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The demand for Allied Health professionals has never been greater. These medical professionals are part of the team that provides patients with a means to carry out a thorough care plan. The need to build this medical support group in clinics, hospitals and nursing care facilities creates ample opportunities for those who work as physical therapists, occupational therapists, dietitians, speech pathologists and the like to pick and choose the location and setting in which they want to work.

It’s widely recognized that the healthcare industry is growing by leaps and bounds. As the large “baby boomer” generation ages the demand for quality healthcare rises. The area which has seen the biggest growth? Allied Health professionals.

What Exactly Is Allied Health?

Allied Health refers to a broad group of medical professionals who, along with physicians and nurses, use science and evidence-based practices to diagnose, treat, and rehabilitate patients, evaluate chronic conditions as well as acute conditions, and work to promote disease prevention and wellness for the optimum health of the community.

Depending on their area of specialty Allied Health professionals can apply their skills in many different settings of the healthcare industry. Some are involved in hands-on patient care and rehabilitation, some work in diagnostics to assist care providers behind the scenes, and a good many are in management and administration.

How Allied Health Professionals Contribute to Healthcare

Allied health professionals contribute significantly in today’s healthcare arena. These specialized technicians and therapists, assistants, hygienists, and trainers can work directly and collaboratively with physicians and dentists, nurses and pharmacists to provide a thorough care plan for the patient. This type of patient centered care is individualized as opposed to some of the cookie-cutter care plans of years ago.

Many of these specialists help those in rehabilitation for neurological injuries or illnesses and empower their patients to live independently by assisting with daily functions. Through exercise, speech, dietary (nutrition) and health education, these Allied Health professionals are enabling many individuals to live fuller lives.

Finally those in Allied Health are integral in preventative medicine. By educating those in their community on such things as hygiene, nutrition, and safety they a proactive in keeping the most vulnerable members of our communities from getting sick.

7 Allied Health Positions in High Demand

These Allied Health professions are the highest growing positions in the field. Not all Allied Health positions are equal. Some specialties will require much more education than others, and the median salaries will reflect that. Here are 7 of the top Allied Health professional positions that will see a rise in demand over the next few years.

 

Physical Therapist

Though Physical Therapy has always been in demand, the need for PT’s is growing especially as baby boomers age out. Physical Therapists work with those individuals who are debilitated due to a medical condition, have suffered an accident or injury, or are recovering from a procedure. As a Physical Therapist you can opt to work full- or part-time, in a clinical setting, hospital or nursing home.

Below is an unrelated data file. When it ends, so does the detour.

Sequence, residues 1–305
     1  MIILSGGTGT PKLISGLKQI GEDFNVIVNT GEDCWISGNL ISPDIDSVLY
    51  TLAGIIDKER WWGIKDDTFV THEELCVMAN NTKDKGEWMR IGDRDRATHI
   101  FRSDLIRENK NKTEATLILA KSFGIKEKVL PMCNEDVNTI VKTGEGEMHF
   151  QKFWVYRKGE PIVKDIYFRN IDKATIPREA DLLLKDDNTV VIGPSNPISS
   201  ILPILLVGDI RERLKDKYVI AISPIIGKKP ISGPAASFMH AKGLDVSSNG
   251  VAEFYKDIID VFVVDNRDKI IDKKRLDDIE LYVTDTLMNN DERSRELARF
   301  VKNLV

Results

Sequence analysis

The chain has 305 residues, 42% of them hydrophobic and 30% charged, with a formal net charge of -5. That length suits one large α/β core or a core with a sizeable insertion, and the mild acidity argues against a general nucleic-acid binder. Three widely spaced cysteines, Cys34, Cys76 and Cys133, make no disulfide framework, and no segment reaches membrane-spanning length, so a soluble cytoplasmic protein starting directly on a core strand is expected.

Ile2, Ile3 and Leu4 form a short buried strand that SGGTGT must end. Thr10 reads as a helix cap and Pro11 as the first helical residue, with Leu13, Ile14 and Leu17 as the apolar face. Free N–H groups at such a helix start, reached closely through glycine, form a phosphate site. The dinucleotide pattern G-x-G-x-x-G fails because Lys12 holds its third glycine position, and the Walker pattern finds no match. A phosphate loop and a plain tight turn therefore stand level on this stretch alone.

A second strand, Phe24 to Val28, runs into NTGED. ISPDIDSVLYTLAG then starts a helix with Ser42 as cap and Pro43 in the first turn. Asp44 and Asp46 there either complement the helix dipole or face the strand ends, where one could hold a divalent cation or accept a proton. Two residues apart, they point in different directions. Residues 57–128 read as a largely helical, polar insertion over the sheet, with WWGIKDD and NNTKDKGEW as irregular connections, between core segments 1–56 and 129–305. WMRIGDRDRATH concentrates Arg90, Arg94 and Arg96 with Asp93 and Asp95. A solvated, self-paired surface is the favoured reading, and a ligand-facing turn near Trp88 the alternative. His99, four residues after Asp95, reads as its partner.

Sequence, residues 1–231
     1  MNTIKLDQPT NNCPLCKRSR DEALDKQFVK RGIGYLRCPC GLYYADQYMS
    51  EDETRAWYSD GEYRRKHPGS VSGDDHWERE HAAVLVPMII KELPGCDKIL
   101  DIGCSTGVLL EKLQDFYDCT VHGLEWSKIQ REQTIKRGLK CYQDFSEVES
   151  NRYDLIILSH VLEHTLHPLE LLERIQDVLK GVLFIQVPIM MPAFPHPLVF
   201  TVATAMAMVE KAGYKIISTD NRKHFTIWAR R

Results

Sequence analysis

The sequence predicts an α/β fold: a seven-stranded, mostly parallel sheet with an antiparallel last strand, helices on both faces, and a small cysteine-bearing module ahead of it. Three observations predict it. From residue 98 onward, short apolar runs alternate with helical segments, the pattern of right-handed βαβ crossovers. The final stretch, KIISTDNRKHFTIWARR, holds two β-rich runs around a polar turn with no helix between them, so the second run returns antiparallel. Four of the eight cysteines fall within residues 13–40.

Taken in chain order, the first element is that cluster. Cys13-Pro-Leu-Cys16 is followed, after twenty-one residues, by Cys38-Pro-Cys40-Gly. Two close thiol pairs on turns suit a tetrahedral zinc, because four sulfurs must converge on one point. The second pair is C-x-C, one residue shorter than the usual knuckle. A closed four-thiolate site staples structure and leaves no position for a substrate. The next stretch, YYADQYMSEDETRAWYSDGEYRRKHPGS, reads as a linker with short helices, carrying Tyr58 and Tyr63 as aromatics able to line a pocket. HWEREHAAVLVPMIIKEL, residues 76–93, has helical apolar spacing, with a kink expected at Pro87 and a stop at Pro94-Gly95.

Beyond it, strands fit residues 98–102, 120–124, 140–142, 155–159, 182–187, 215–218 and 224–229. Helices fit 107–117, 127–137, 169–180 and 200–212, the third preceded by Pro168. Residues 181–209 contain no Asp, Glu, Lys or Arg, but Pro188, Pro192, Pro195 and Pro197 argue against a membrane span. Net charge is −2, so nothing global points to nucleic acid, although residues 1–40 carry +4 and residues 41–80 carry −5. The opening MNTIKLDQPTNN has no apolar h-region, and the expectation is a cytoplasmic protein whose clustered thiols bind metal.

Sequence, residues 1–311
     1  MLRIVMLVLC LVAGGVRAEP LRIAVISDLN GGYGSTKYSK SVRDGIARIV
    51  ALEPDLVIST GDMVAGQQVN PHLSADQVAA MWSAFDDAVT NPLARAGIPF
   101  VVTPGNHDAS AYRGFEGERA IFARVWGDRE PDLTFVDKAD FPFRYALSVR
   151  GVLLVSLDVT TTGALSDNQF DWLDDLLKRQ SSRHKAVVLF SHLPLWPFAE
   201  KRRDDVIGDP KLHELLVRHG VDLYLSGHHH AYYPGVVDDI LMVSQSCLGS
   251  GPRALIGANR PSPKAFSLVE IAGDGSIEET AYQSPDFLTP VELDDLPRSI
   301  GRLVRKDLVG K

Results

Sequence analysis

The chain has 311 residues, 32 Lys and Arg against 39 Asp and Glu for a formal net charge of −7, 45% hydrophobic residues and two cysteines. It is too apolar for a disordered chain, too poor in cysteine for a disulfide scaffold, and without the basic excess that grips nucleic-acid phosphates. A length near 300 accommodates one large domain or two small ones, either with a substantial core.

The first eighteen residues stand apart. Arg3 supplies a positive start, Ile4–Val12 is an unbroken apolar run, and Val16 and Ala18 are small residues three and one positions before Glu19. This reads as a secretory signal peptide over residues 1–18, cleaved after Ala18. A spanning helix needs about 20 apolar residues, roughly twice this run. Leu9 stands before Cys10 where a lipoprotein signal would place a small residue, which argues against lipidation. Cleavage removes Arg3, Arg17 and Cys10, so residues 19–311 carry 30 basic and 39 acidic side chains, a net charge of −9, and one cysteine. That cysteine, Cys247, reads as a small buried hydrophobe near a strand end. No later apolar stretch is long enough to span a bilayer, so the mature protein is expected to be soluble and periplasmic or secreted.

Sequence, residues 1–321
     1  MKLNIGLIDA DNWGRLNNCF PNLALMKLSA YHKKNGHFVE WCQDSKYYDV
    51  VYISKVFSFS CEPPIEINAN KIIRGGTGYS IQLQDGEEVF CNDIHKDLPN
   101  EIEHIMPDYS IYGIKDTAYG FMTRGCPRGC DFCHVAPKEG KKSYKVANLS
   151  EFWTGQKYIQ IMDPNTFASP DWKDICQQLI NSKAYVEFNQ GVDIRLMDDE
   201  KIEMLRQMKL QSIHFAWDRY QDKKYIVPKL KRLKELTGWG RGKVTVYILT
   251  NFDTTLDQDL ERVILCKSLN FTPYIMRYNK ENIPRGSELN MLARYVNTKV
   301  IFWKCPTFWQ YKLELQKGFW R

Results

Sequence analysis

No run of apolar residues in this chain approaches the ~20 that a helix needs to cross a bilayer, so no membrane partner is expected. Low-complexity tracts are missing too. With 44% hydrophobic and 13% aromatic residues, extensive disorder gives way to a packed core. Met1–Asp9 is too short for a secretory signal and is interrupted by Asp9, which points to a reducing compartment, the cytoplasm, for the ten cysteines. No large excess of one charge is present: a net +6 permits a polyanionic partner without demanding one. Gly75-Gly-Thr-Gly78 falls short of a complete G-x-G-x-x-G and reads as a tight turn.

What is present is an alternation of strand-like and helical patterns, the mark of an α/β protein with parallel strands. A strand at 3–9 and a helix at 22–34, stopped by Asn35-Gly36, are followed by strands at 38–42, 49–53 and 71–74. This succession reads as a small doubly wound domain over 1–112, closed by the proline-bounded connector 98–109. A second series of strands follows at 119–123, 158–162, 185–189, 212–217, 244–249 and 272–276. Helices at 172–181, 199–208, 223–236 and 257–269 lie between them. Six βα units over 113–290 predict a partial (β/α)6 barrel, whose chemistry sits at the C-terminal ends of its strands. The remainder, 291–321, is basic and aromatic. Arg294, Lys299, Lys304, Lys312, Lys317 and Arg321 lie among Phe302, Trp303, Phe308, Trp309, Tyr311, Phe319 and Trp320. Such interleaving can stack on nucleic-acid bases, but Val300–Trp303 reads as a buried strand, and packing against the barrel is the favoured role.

Audiologist

When someone suffers a hearing loss the loss must be assessed. In order to provide the correct type of device, such as a hearing aid, the individual needs to be fitted and provided with the correct apparatus for his particular needs. An Audiologist will also work to balance the hearing and assess any possible medical conditions that are causing ear ailments.

Medical Lab Tech

Medical Lab Techs must have the knowledge it takes to utilize the lab equipment necessary to complete tests and procedures ordered by doctors and other healthcare professionals. As a Medical Lab Tech you will need to be able to monitor equipment, evaluate body fluids, understand specific results, and report to the physician in a timely manner.

Dietitian

In recent times more and more of a connection is being drawn between what we eat and our health. Dietitians are instrumental in helping patients and the community at large understand the role better nutrition plays in a healthy life.

Medical Assistant

The need for qualified medical assistants is high and will continue to grow. For those individuals who enjoy working in a medical setting but cannot commit to the years it takes to pursue a medical degree, a position as a medical assistant is the right call. Should you decide to go further in your career at some point you will be able to pursue a degree with experience and know-how on your side.

Athletic Trainer

Athletic Trainers work with professional athletes, amateur athletes, school kids and even industrial employees (due to the nature of their job). Trainers must be quickly able to assess and treat everything from a minor injury to assisting the patient in getting further assessment in a hospital setting. You’ll have the opportunity to work in a wide variety of settings and you can choose just where you want to be.

Dental Hygienist

Dental Hygienists are becoming more and more an integral part of the dental field. Requirements do vary by state so be aware should you decide to practice elsewhere. Dental Hygienists are able to work part-time or full-time, so there is a bit of freedom in this career.

 

The Allied Health field is obviously in need of qualified individuals to fill gaps. If you’re considering a career in healthcare, consider working as one of the above mentioned Allied Health professionals. You’ll surely be in demand.

 

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